That’s a great question! And I will say yes and no - the art world and the academic world work similarly to the world of perfumery in the sense that they are all specialized and act in silos. Perfume won’t land in the Art Basel or Biennale space as it is described broadly. There have been projects with an olfactory aspect to it in the art world, though I would hesitate to call some of it art. There was an amazing project done in 2008 where curator Robert Blackson had organized ten perfumers and scent artists to create impossible or extinct smells titled “If Ever There Was, An Exhibition of Extinct and Impossible Smells”. This is a conversation and exhibit worth having over and over with new artists and new smells. I like how olfactory art sits in between things, and is highly multi-disciplinary. By the way, the art world has fallen apart in many ways thanks to Covid and extraordinary things going on around the Black Lives Movement, and this pause is crucial for reconsidering all of the aspects of it. In sum, it’s almost a blank slate. Lastly - it’s important that if people do call their work “art”, olfactory or otherwise, they need to align it to the giant, human art historical stream - it can’t just be art for art’s sake - who are your artistic ancestors, and why are you doing it? Most olfactory art done today does not consider this, which I would controversially say is not art but something to do with personal expression. This is a long and deep topic. :)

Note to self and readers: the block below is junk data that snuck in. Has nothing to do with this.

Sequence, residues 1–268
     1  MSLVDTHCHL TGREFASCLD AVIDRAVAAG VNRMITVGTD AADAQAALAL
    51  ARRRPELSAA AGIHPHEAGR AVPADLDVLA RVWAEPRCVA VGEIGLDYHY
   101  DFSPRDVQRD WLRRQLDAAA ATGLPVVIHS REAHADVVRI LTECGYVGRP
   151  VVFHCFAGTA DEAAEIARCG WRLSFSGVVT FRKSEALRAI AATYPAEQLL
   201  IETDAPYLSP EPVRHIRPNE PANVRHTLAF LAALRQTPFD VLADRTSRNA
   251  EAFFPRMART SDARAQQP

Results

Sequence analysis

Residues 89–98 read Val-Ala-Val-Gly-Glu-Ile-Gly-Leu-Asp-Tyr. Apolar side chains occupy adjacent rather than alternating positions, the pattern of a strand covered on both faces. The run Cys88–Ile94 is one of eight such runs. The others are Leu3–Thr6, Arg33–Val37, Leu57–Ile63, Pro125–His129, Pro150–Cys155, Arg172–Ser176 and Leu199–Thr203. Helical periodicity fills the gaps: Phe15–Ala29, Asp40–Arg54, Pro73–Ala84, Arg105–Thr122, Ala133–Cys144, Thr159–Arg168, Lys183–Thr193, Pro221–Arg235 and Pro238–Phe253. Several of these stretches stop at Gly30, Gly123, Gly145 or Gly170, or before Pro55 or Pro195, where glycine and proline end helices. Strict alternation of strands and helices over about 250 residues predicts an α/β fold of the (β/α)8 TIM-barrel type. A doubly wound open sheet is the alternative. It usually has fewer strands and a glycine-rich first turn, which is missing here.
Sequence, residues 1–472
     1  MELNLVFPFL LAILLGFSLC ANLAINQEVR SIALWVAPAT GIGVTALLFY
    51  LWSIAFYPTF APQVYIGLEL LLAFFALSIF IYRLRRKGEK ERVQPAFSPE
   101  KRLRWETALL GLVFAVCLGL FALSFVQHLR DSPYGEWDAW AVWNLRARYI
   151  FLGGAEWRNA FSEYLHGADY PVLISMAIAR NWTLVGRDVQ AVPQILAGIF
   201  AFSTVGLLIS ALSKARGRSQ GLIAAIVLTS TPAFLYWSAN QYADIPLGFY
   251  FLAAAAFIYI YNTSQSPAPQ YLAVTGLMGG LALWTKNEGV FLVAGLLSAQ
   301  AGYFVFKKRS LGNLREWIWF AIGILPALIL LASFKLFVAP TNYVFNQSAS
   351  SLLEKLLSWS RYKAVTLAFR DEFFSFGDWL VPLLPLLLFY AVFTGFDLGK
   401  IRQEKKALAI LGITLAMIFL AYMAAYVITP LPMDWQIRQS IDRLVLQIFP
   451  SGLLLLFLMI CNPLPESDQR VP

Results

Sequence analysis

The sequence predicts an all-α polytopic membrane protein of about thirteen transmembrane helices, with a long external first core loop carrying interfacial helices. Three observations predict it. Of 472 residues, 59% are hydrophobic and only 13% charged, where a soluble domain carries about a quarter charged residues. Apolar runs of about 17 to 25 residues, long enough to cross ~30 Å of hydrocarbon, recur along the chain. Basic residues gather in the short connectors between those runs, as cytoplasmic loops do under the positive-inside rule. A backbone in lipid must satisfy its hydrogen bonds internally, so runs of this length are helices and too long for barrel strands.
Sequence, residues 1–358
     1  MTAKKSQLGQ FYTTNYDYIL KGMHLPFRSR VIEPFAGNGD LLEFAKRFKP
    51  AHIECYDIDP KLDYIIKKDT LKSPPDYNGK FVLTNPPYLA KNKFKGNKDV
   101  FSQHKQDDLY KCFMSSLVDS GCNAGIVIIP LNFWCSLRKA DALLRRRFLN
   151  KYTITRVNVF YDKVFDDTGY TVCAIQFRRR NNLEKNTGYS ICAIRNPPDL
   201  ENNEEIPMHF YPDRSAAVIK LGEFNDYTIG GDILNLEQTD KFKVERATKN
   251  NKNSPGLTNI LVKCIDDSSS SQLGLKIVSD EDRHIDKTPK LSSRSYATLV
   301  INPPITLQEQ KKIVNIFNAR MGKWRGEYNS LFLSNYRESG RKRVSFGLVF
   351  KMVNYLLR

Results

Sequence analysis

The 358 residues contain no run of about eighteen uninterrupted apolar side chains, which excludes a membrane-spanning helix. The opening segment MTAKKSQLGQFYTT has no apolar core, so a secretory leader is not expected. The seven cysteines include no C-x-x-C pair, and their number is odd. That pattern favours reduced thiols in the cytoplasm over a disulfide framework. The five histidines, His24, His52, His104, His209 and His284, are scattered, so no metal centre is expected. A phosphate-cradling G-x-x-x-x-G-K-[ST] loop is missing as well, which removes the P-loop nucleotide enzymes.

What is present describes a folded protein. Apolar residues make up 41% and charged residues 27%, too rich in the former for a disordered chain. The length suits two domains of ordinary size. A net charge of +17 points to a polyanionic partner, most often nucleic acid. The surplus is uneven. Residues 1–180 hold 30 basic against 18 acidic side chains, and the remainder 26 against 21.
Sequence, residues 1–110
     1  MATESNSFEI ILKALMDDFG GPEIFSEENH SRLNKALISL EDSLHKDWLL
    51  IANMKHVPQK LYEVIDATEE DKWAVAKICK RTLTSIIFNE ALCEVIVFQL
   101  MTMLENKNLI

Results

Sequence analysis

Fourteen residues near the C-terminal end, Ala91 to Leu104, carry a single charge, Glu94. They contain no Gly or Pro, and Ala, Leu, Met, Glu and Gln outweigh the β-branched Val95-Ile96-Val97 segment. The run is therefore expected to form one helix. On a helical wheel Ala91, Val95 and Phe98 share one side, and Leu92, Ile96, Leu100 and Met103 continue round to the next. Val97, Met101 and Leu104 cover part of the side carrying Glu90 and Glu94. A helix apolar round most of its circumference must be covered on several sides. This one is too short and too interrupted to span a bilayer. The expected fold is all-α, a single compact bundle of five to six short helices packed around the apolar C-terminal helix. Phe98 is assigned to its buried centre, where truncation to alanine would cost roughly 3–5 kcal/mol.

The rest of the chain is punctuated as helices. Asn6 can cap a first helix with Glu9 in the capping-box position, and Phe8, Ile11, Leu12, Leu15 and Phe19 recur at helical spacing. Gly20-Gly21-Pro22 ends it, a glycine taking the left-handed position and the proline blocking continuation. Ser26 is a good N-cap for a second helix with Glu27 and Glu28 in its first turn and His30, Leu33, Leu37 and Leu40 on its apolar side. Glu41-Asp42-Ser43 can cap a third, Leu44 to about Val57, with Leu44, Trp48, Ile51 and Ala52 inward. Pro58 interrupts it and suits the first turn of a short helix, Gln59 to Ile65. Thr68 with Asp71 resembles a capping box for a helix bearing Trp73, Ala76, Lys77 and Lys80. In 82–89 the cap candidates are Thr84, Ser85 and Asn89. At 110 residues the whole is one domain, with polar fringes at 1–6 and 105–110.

Are there any experimental scent artists that you admire?